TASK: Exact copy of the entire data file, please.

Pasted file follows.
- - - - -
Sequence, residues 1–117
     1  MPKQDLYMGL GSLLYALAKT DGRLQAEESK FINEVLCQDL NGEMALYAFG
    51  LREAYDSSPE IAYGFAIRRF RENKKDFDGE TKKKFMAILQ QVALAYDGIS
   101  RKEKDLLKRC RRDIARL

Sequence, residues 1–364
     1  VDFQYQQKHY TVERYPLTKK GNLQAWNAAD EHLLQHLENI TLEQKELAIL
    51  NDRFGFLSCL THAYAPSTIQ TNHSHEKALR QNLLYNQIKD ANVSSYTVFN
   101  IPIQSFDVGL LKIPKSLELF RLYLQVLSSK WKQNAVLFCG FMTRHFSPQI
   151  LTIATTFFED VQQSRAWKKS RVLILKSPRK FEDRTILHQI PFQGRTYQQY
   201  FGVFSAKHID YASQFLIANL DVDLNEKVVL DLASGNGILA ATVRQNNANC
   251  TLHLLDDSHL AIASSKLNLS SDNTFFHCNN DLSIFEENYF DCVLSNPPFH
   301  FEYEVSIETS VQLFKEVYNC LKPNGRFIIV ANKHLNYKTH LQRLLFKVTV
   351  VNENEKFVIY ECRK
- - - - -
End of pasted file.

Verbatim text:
Sequence, residues 1–117
     1  MPKQDLYMGL GSLLYALAKT DGRLQAEESK FINEVLCQDL NGEMALYAFG
    51  LREAYDSSPE IAYGFAIRRF RENKKDFDGE TKKKFMAILQ QVALAYDGIS
   101  RKEKDLLKRC RRDIARL

Sequence, residues 1–364
     1  VDFQYQQKHY TVERYPLTKK GNLQAWNAAD EHLLQHLENI TLEQKELAIL
    51  NDRFGFLSCL THAYAPSTIQ TNHSHEKALR QNLLYNQIKD ANVSSYTVFN
   101  IPIQSFDVGL LKIPKSLELF RLYLQVLSSK WKQNAVLFCG FMTRHFSPQI
   151  LTIATTFFED VQQSRAWKKS RVLILKSPRK FEDRTILHQI PFQGRTYQQY
   201  FGVFSAKHID YASQFLIANL DVDLNEKVVL DLASGNGILA ATVRQNNANC
   251  TLHLLDDSHL AIASSKLNLS SDNTFFHCNN DLSIFEENYF DCVLSNPPFH
   301  FEYEVSIETS VQLFKEVYNC LKPNGRFIIV ANKHLNYKTH LQRLLFKVTV
   351  VNENEKFVIY ECRK